• Walking is a fun and easy way for children to get active while spending time with you and their friends. Get more walking tips in walking for health.
  • Have a disco in your lounge with your music. All you need are some great tunes and you and your children can have fun dancing anywhere. Read about dancing for fitness.
  • Have a splash – whether they're doing lengths of the pool or having a good splash about, children love playing in water. Find out more in swimming for fitness.
  • Cycling is a great alternative to the car or bus. You don't even need to have somewhere to get to – just taking the kids out for a bike ride is a fun activity.

Young people and fitness

  • Try something new. If you're not sure what activities you'd like, find out which sport or activity you're best suited to using the BBC's 'Which sport are you made for?' tool.
  • Take up running – if you're just starting out, try our popular Couch to 5K running plan.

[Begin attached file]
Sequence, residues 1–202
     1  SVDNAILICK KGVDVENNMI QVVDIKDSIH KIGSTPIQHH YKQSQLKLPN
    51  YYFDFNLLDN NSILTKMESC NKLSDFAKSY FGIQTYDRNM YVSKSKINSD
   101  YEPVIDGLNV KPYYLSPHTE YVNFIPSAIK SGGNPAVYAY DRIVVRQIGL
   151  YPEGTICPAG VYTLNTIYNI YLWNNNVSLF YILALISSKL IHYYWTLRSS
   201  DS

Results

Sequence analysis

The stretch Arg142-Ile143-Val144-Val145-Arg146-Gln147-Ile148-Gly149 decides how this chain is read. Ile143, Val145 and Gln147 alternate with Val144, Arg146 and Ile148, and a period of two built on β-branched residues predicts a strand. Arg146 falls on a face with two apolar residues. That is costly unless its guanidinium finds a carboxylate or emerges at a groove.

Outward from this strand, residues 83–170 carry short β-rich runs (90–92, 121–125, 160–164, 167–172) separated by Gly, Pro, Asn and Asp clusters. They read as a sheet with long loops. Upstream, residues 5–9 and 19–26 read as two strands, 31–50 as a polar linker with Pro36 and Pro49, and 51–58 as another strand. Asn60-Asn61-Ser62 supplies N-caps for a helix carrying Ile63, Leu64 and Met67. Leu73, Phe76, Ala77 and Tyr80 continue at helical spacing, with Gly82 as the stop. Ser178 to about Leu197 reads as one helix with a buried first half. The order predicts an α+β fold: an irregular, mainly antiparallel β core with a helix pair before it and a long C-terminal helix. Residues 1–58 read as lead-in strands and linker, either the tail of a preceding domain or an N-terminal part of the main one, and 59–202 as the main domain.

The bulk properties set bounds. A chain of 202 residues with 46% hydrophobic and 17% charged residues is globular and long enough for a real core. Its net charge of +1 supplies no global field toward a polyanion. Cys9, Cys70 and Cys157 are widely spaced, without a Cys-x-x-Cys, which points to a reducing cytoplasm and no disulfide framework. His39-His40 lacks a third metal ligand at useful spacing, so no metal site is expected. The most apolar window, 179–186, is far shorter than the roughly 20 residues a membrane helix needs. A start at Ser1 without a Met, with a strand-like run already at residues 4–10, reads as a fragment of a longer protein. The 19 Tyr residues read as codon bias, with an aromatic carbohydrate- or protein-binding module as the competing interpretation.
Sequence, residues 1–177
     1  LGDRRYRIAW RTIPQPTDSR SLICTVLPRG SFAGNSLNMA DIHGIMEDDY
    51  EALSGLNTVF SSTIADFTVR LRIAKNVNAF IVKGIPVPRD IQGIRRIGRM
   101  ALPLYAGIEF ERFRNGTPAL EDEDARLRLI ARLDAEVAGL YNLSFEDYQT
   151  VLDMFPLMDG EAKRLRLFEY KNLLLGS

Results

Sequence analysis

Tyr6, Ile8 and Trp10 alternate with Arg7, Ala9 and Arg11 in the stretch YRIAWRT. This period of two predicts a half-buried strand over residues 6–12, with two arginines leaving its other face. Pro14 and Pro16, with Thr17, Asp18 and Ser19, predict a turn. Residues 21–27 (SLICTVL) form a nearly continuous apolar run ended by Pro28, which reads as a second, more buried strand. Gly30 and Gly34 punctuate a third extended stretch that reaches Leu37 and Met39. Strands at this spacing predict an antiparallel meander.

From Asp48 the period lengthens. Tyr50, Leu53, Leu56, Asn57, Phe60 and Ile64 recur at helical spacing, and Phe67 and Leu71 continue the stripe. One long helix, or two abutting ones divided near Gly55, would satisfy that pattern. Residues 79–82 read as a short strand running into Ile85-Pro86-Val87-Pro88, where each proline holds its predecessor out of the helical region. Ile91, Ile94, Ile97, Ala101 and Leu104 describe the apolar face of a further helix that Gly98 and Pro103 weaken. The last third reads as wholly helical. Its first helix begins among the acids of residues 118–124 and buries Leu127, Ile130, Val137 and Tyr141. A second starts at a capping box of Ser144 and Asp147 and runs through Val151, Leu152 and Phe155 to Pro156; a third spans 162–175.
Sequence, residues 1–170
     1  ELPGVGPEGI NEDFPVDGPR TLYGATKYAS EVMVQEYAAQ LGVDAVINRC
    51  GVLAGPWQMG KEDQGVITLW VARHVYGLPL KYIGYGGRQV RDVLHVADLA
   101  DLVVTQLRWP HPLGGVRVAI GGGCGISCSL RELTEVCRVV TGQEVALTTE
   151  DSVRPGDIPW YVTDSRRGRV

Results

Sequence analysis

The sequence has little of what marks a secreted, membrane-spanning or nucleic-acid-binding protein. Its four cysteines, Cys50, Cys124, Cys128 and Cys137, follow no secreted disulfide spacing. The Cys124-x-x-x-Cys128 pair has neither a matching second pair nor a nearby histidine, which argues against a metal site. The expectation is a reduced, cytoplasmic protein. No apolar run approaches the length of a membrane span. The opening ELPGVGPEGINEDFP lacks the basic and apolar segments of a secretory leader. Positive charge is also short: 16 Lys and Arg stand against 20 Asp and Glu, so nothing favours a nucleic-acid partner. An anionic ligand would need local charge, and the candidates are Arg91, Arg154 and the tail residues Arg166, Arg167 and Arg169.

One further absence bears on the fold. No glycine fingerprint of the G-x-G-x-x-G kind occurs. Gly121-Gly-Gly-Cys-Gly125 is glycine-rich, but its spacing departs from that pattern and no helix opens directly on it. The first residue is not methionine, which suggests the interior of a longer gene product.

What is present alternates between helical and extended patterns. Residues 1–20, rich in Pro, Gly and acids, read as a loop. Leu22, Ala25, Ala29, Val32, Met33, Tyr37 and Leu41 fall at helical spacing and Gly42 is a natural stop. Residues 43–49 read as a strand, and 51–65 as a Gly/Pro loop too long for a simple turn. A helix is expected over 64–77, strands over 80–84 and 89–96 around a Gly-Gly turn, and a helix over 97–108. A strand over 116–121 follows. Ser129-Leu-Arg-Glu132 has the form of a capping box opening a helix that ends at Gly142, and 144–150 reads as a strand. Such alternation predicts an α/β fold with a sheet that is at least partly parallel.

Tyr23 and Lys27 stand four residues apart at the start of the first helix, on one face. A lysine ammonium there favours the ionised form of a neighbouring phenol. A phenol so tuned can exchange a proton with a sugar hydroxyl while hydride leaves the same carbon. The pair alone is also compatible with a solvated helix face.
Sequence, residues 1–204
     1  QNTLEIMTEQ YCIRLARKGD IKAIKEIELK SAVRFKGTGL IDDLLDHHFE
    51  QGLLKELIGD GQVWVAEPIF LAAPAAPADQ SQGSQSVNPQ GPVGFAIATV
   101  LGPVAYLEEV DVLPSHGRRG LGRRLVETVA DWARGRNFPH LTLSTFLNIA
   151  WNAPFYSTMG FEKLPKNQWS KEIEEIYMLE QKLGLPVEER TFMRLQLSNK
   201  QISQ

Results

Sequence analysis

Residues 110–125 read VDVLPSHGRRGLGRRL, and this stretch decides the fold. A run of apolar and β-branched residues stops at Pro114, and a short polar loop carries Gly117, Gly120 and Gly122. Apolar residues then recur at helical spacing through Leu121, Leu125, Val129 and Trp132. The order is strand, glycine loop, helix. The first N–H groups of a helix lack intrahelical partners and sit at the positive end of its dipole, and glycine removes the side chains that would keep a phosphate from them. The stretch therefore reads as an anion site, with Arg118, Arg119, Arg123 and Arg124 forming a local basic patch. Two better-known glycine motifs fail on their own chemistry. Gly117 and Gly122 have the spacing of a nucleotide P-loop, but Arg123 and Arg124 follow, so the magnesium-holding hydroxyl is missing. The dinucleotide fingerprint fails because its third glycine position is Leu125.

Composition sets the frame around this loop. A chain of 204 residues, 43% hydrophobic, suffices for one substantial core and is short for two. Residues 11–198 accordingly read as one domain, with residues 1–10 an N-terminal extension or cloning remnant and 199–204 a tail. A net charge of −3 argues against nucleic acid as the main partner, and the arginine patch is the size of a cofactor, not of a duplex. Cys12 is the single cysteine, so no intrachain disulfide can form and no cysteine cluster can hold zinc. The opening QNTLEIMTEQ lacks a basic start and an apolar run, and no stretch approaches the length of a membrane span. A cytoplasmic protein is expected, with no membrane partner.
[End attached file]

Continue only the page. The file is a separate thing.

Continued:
• Get into shape with Strength and Flex, a 5-week exercise plan to increase your strength and flexibility.
  • Walk more: to school, to visit friends, to the shops or other places in your neighbourhood. Find out the benefits of walking in walking for health.
  • Get your mates involved. You're more likely to keep active if you have fun and other people to enjoy yourself with.
  • Ask your parents if you can go to the gym with them or if there's a local community centre where you can exercise.
  • Create a new routine where you walk or run every day when you get home from school or before you have dinner.
  • If you don't want to exercise outside on your own, buddy up with a friend, or use an exercise DVD or choose a workout from the NHS Fitness Studio.
  • Dance in front of the TV or play some music. All you need are some great tunes and you can have fun dancing anywhere – and burn calories at the same time.
  • Do some household chores. Although light tasks such as taking out the rubbish won't raise your heart rate, some heavy gardening or washing the car will count towards your daily activity target.

Fitness for office workers

  • Cycle or walk part – if not all – of your journey to work. Read more about cycling for beginners.
  • Get off a bus or tube stop before your destination.
  • If you need to drive, try to park further away from your office and walk the rest of the way.
  • Discuss project ideas with a colleague while taking a walk.
  • Stand while talking on the telephone.